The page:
Fabrication of the nanostructured spacer

To fabricate the NS, we use the polymer which is, essentially, self-organized as a highly nanostructured film during the process of ultrathin (nanometric) films fabrication. The following process was performed. (1) Virgin thermally oxidized Si-SiO2 wafer (285 nm oxide thickness) was covered with AZ 5214E photoresist by spin-coating at 4000 rpm for 30 s. The thickness of the resulting photoresist film is about 1.6 μm. (2) The wafer was then softbaked for 100 s at 105 °C. (3) The resulting sample was dry-etched for 4.5 min in the Plasma-Therm 790 series RIE (CF4 etchant, pressure 80 mtorr, RF power 100 W). The dry-etching process leads to a higher degree of cross-linking, within the novolac-based polymer component of the photoresist due to a possible overheating/UV exposure from the plasma. The dry-etching does not remove the photoresist film completely with the chosen etching time. (4) Then the sample was sonicated in NI555 stripper for 5 min at room temperature and finally, it was rinsed thoroughly with 2-propanol and dried with nitrogen.

Near-field microscopy

Our setup is based on a commercial s-SNOM (Neaspec GmbH) performing measurements with a Pt-coated Si tip at the tapping frequency Ω of about 250 kHz and the tapping amplitude of about 60 nm. We use Daylight Solutions tuneable QCL laser and temperature-tuneable Access Laser CO2 laser. Background-free near-field imaging is given by the demodulation of recorded optical signal at higher harmonics of the tapping frequency (in this work we use the 4th harmonic signal). We note that, as commonly known, near-field optical images recorded with the QCL laser (λ1 = 10 μm) typically show lower signal to noise ratio compare to the CO2 laser (λ2 = 11.2 μm). With reference to Neaspec GmbH, this difference in performance is mainly attributed to intrinsic laser specific aspects in the sense how the mid-infrared lasing is realized in the two lasers.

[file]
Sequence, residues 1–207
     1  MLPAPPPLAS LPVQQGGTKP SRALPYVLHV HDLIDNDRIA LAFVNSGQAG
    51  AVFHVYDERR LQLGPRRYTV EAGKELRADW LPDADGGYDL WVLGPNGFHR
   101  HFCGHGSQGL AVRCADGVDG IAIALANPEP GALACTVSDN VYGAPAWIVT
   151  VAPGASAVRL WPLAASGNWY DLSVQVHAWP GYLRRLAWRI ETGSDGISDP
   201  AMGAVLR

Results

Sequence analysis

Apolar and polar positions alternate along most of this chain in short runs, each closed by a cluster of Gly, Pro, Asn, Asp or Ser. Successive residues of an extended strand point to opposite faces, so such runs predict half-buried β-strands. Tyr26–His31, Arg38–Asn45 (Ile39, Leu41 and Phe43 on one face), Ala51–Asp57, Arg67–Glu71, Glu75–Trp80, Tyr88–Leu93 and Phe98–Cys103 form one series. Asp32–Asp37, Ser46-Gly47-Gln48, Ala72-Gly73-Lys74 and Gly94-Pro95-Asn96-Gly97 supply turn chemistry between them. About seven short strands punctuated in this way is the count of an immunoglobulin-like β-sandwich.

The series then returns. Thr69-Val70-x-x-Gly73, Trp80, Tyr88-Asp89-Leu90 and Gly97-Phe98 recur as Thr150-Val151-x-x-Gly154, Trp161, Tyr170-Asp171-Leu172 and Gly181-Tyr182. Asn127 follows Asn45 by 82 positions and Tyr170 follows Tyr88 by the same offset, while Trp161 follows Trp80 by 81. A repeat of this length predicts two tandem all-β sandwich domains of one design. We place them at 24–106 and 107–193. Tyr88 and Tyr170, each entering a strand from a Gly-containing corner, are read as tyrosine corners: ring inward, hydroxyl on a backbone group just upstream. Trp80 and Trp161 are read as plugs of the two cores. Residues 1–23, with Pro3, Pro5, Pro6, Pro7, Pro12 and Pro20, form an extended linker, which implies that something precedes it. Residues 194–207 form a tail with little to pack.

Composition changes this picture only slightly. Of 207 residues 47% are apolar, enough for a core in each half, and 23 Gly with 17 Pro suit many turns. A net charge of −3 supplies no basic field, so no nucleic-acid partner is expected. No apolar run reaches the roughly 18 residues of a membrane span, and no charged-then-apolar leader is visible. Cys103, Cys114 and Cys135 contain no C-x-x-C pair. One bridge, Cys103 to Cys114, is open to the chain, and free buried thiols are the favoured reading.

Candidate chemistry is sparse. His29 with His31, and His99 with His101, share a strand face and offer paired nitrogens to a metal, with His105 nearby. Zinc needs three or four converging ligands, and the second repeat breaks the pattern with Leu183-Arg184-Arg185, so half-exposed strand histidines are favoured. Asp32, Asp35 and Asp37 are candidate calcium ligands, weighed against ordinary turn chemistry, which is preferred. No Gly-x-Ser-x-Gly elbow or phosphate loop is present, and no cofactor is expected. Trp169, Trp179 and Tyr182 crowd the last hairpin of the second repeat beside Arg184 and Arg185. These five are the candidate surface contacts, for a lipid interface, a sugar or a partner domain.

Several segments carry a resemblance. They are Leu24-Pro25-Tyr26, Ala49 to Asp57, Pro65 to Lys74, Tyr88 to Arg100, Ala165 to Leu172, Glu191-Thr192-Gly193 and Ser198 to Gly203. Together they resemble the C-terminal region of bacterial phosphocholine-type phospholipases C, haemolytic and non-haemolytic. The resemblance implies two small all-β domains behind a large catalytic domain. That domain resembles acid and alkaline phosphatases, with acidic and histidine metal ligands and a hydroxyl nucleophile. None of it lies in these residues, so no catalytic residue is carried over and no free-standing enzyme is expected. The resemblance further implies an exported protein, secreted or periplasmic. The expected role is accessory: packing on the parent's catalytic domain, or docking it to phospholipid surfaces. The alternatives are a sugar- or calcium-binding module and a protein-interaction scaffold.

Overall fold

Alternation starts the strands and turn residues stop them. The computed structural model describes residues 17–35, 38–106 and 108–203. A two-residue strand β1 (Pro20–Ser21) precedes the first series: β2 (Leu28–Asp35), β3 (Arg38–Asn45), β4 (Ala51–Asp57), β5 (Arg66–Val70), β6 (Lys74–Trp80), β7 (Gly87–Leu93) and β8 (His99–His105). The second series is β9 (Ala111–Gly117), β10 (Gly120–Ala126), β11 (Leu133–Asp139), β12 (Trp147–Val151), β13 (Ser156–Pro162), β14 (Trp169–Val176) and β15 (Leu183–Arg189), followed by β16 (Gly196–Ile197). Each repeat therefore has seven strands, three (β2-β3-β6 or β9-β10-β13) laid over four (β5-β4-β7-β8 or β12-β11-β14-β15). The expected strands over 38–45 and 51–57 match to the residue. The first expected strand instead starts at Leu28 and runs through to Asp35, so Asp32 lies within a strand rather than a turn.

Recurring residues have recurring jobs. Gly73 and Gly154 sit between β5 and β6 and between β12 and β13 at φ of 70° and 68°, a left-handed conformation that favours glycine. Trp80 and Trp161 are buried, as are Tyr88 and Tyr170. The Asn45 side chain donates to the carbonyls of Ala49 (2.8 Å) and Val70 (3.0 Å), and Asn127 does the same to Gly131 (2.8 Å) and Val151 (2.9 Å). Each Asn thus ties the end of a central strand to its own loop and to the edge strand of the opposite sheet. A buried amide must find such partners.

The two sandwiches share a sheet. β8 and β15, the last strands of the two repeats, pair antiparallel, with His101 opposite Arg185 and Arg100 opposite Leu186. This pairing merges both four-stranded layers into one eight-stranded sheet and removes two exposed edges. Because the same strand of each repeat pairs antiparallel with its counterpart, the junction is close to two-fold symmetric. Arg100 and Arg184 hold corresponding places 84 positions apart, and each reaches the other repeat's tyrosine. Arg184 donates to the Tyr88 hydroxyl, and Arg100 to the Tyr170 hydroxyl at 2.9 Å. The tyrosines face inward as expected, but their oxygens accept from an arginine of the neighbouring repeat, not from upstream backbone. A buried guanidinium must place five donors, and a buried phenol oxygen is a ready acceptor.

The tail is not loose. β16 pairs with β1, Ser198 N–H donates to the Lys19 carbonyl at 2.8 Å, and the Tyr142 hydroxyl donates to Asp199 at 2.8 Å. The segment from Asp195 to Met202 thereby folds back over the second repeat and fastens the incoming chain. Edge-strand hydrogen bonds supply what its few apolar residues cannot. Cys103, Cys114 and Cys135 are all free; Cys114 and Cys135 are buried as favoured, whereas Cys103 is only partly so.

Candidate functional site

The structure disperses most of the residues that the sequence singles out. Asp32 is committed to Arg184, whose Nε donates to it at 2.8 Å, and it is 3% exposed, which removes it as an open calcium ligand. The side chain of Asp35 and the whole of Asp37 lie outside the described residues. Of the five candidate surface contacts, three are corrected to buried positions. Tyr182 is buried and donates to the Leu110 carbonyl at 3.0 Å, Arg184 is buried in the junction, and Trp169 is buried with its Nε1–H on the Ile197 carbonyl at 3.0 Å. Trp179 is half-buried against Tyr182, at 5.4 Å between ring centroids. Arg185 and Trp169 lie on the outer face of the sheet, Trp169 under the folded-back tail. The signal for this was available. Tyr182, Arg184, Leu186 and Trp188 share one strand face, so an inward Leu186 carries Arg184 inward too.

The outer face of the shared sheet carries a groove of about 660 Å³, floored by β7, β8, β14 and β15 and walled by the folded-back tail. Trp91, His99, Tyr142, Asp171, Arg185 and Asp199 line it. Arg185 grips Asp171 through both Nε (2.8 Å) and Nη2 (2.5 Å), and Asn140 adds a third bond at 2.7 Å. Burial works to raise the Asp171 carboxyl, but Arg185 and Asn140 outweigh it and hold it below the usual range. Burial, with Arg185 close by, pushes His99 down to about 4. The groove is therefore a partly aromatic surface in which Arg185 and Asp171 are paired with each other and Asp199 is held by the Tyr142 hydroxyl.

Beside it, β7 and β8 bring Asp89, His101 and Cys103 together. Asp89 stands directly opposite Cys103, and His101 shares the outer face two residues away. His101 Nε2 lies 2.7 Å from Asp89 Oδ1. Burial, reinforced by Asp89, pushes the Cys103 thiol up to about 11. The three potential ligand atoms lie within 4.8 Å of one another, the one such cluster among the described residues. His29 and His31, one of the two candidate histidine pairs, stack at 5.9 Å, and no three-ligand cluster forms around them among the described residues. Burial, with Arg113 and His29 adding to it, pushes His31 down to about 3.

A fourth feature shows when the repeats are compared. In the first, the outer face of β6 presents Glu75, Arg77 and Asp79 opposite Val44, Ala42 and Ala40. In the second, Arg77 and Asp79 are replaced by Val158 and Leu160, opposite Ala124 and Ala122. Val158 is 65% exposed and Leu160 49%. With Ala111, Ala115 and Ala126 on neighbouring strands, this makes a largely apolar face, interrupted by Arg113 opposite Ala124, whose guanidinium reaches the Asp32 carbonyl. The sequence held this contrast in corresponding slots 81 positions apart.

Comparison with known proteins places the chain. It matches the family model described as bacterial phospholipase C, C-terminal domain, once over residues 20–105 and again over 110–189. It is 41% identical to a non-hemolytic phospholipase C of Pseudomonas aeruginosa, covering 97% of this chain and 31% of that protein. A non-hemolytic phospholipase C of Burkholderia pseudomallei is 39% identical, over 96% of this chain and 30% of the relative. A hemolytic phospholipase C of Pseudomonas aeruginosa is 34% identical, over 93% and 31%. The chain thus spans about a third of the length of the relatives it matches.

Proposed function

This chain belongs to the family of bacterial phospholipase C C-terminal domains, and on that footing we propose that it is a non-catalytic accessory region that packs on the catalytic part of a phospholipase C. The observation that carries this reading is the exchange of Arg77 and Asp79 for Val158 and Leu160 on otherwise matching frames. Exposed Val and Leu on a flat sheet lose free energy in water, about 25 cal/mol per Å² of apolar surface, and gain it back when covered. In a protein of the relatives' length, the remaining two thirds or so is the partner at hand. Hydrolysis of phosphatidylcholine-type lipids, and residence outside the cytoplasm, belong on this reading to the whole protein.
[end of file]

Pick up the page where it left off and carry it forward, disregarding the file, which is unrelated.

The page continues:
Numerical simulations are based on the finite-difference time domain method presented in the reference26. To study GPs propagation in quasi-suspended graphene, we use a simplified two-dimensional model of graphene seating on the nano-dots, where nanodots sizes and separation distances are referred to experimental values. In simulation we characterize the damping strength of GPs by direct comparison of the field magnitude after certain plasmon wavelengths of propagation (in this work we define this damping factor as a ratio between the fifth and first maxima of the field). This ratio naturally quantitatively represents the field damping along the GPs propagation direction in graphene. In experimental measurements at λ1 = 10 μm we can define the first field maxima close to the graphene edge and the field magnitude in the inner part of the flake, while due to strong damping, it is not possible to clearly define multiple maximums of GPs field over the flake. Therefore we implemented another damping-related factor, (Es)pl/(Es)bg, which compares the near-field magnitude in the first maximum and the inner part of the flake where a plasmon, reflected from the edge, has been already completely damped. As it was verified above, on the example of strong and weak damping, this factor can be used for qualitative comparison of GPs damping strength.

Additional Information

How to cite this article: Dubrovkin, A. M. et al. The reduction of surface plasmon losses in quasi-suspended graphene. Sci. Rep. 5, 09837; doi: 10.1038/srep09837 (2015).